Smart Contact Lenses from Google for Diabetics

Diabetes, often referred to by doctors as diabetes mellitus, describes a group of metabolic diseases in which the person has high blood glucose (blood sugar), either because insulin production is inadequate, or because the body’s cells do not respond properly to insulin, or both. Patients with high blood sugar will typically experience polyuria (frequent urination), they will become increasingly thirsty (polydipsia) and hungry (polyphagia). [Source]

Google is really starting to push the envelopes, coming out with with not only with some great acquisitions in the past few weeks, which had a hilarious response shortly afterwards, but also some great technology.

The latest, smart contact lenses for diabetics, designed to alert the patient whenever his blood pressure starts to drop and when he should look for taking an insulin dose. The prototype comes from the Google[X] labs, which is a secretly facilitated part of Google where the latest technology developments happen using future technology.

We’re now testing a smart contact lens that’s built to measure glucose levels in tears using a tiny wireless chip and miniaturized glucose sensor that are embedded between two layers of soft contact lens material. We’re testing prototypes that can generate a reading once per second. We’re also investigating the potential for this to serve as an early warning for the wearer, so we’re exploring integrating tiny LED lights that could light up to indicate that glucose levels have crossed above or below certain thresholds. It’s still early days for this technology, but we’ve completed multiple clinical research studies which are helping to refine our prototype. We hope this could someday lead to a new way for people with diabetes to manage their disease. [Source]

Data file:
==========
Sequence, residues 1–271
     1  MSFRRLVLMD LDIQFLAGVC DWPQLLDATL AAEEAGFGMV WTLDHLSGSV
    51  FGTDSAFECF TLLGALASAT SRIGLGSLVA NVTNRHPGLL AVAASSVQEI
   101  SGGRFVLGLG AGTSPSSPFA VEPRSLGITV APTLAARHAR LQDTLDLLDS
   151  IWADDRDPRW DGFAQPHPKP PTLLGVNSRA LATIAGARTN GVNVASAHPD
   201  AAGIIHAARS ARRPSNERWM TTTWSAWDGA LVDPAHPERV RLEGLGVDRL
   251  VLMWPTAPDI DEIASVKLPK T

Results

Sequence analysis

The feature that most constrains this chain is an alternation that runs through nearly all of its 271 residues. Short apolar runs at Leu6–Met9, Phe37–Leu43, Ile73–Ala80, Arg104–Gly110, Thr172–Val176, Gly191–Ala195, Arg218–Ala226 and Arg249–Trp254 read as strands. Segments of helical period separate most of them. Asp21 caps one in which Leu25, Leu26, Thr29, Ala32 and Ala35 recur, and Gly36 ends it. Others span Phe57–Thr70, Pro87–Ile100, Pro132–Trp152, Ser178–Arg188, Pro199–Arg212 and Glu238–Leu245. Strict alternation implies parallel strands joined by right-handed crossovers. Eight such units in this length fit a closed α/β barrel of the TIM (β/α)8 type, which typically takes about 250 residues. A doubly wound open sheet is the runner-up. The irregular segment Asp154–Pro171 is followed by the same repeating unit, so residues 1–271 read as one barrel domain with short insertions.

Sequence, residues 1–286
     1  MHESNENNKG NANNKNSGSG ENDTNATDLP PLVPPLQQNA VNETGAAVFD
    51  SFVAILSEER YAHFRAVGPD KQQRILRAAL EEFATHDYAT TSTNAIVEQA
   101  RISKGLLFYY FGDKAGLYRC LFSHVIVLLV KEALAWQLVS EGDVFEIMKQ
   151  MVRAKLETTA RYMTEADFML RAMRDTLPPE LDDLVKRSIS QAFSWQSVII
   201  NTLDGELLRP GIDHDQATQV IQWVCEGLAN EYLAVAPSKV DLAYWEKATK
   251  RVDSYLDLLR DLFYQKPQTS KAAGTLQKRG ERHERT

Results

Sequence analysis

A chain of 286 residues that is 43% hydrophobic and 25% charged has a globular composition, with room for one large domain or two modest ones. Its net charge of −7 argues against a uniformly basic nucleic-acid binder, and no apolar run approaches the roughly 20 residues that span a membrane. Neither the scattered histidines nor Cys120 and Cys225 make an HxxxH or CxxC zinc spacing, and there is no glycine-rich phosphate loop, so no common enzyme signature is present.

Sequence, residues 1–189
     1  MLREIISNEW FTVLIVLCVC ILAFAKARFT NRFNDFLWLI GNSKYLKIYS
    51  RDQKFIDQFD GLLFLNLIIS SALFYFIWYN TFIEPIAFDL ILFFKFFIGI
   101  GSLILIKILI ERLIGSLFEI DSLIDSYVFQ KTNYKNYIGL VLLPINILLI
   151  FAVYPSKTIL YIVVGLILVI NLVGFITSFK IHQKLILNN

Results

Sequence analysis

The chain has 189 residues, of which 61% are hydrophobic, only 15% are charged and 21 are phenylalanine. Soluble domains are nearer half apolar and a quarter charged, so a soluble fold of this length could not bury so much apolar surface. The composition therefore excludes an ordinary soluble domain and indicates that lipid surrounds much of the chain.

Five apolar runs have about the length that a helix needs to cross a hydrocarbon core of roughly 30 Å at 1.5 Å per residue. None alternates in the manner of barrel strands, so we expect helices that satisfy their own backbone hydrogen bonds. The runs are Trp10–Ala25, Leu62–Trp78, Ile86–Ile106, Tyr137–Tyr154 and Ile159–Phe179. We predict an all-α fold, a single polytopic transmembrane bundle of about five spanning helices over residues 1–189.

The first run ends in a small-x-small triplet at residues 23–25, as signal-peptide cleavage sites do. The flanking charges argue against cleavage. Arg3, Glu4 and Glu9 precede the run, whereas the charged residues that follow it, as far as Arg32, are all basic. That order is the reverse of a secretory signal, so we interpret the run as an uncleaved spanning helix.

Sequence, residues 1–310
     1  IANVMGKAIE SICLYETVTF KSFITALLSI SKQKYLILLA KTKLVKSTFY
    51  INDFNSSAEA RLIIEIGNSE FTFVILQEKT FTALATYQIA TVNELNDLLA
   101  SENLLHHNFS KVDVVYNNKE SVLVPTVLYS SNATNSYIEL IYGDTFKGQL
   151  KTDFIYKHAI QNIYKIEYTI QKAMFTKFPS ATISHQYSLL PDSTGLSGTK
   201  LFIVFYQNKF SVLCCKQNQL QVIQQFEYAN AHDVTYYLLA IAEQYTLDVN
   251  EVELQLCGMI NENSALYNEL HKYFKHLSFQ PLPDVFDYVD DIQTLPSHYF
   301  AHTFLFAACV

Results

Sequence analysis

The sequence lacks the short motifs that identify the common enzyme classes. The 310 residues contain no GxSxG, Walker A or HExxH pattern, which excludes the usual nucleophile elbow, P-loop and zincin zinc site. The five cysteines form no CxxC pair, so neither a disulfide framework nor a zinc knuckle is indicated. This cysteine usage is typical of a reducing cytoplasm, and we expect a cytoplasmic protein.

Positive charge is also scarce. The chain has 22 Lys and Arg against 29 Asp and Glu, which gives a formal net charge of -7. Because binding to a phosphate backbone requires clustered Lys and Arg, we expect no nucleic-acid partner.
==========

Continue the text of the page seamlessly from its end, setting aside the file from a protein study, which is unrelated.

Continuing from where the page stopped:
I love the whole idea, and how Google cares for people and their well-being, I just couldn’t stop asking myself: is this going to mean that we are most definitely going to get spied on everywhere we go? What are the chances that these contact lenses don’t ship with integrated wifi and other network sensors?

Would you be surprised if Google’s defense mechanism would be that it’s important to know where the person is, in case she is dying? It’s a long-shot, but it makes perfect sense.

It’s a great move, no doubt. I appreciate and support the Google’s vision and the way it uses technology to help people live better lives. It’s one of those field that Google excels at really well. I only wish that more big corporations would follow the same footsteps, instead of trying to beat the giant that Google is.

Let’s see where these news take us and what are the development updates going to be like. It’s obvious that Google is serious about this project, otherwise we wouldn’t see news like this appear in our newsfeeds.